Members of the killer cell immunoglobulin-like receptor (KIR) family, a large group of polymorphic receptors expressed on natural killer (NK) cells, recognize particular peptide-laden human leukocyte antigen (pHLA) class I molecules and have a pivotal role in innate immune responses1. Allelic variation and extensive polymorphism within the three-domain KIR family (KIR3D, domains D0–D1–D2) affects pHLA binding specificity and is linked to the control of viral replication and the treatment outcome of certain haematological malignancies1,2,3. Here we describe the structure of a human KIR3DL1 receptor bound to HLA-B*5701 complexed with a self-peptide. KIR3DL1 clamped around the carboxy-terminal end of the HLA-B*5701 antigen-binding cleft, resulting in two discontinuous footprints on the pHLA. First, the D0 domain, a distinguishing feature of the KIR3D family, extended towards β2-microglobulin and abutted a region of the HLA molecule with limited polymorphism, thereby acting as an ‘innate HLA sensor’ domain. Second, whereas the D2–HLA-B*5701 interface exhibited a high degree of complementarity, the D1–pHLA-B*5701 contacts were suboptimal and accommodated a degree of sequence variation both within the peptide and the polymorphic region of the HLA molecule. Although the two-domain KIR (KIR2D) and KIR3DL1 docked similarly onto HLA-C4,5 and HLA-B respectively, the corresponding D1-mediated interactions differed markedly, thereby providing insight into the specificity of KIR3DL1 for discrete HLA-A and HLA-B allotypes. Collectively, in association with extensive mutagenesis studies at the KIR3DL1–pHLA-B*5701 interface, we provide a framework for understanding the intricate interplay between peptide variability, KIR3D and HLA polymorphism in determining the specificity requirements of this essential innate interaction that is conserved across primate species.

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Primary accessions

Protein Data Bank

Data deposits

The atomic coordinates and structure factors for the KIR3DL*001–pHLA-B*5701 complex were deposited in the Protein Data Bank under accession code 3VH8.


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We thank the staff at the MX2 beamline of the Australian synchrotron for assistance with data collection. We thank A. Radu Aricescu for the gift of the pHLsec vector. This research was supported by the National Health and Medical Research Council of Australia (NHMRC), the Australian Research Council (ARC) and the Intramural Research Programs of the National Cancer Institute and the National Institute of Allergy and Infectious Diseases, National Institutes of Health. D.W.M. and G.M.O'C. were supported by the Intramural AIDS Targeted Antiviral Program of the National Institutes of Health. J.P.V. is supported by an NHMRC Peter Doherty Research Fellowship; D.A.P. is supported by a Medical Research Council (UK) Senior Clinical Fellowship; B.A.P.L. is supported by the Intramural Research Program of the National Institute of Allergy and Infectious Diseases, National Institutes of Health; C.S.C. is supported by an ARC QEII Fellowship; J.R. is supported by an ARC Federation Fellowship.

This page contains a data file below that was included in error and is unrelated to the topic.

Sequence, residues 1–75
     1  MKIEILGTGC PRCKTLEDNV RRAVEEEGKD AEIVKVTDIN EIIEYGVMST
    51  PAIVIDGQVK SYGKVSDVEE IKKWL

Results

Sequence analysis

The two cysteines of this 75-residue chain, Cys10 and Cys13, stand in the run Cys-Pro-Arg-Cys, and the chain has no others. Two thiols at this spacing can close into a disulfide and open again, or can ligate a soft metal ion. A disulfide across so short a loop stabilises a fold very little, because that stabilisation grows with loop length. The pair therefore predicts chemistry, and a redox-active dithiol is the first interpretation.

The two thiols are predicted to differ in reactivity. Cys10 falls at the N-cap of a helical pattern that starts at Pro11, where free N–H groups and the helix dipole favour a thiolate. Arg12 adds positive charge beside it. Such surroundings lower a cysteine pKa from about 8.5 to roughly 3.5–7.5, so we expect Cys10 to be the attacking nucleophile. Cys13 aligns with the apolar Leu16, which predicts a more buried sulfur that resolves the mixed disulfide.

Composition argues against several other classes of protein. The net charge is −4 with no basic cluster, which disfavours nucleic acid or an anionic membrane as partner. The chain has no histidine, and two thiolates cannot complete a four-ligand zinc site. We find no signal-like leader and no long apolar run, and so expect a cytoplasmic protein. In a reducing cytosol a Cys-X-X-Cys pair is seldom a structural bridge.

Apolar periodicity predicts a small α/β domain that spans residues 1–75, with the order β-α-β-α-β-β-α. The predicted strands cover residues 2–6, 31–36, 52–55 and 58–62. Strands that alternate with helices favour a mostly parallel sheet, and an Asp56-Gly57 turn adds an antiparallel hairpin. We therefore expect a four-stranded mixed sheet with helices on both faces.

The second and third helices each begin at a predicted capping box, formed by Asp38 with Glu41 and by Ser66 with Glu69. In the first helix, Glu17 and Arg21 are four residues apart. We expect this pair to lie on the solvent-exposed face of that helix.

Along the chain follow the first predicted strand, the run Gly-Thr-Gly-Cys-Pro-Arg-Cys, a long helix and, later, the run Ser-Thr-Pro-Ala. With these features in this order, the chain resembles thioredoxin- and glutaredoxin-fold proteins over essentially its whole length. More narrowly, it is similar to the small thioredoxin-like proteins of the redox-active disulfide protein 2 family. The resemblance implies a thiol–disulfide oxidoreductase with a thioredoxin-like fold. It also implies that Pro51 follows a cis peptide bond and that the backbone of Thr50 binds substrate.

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  1. Department of Biochemistry and Molecular Biology, School of Biomedical Sciences, Monash University, Clayton, Victoria 3800, Australia

    • Julian P. Vivian
    • , Renee C. Duncan
    • , Richard Berry
    • , Hugh H. Reid
    • , Travis Beddoe
    • , Stephanie Gras
    • , Maya A. Olshina
    • , Craig S. Clements
    •  & Jamie Rossjohn
  2. Cancer and Inflammation Program, National Cancer Institute-Frederick, Frederick, Maryland 21702, USA

    • Geraldine M. O’Connor
    •  & Daniel W. McVicar
  3. Department of Microbiology & Immunology, University of Melbourne, Parkville, Victoria 3010, Australia

    • Philippa M. Saunders
    • , Jacqueline M. L. Widjaja
    • , Christopher M. Harpur
    • , Jie Lin
    •  & Andrew G. Brooks
  4. Non-Human Primate Immunogenetics and Cellular Immunology Unit, Laboratory of Molecular Microbiology, National Institute of Allergy and Infectious Diseases, National Institutes of Health, Bethesda, Maryland 20892, USA

    • Sebastien M. Maloveste
    •  & Bernard A. P. Lafont
  5. Department of Infection, Immunity and Biochemistry, Cardiff University School of Medicine, Heath Park, Cardiff CF14 4XN, Wales, UK

    • David A. Price
    •  & Jamie Rossjohn
  6. Human Immunology Section, Vaccine Research Center, National Institute of Allergy and Infectious Diseases, National Institutes of Health, Bethesda, Maryland 20892, USA

    • David A. Price


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J.P.V. solved the structure, undertook analysis, performed experiments and contributed to manuscript preparation. H.H.R., T.B., R.C.D., R.B., P.M.S., M.A.O., J.M.L.W., C.M.H., J.L., S.M.M., S.G. and C.S.C. performed experiments and/or analysed data. G.M.O’C., D.A.P., B.A.P.L. and D.W.M. performed experiments and/or analysed data and contributed to the writing of the manuscript; A.G.B. and J.R. were the joint senior authors—they co-led the investigation, devised the project, analysed the data and wrote the manuscript.

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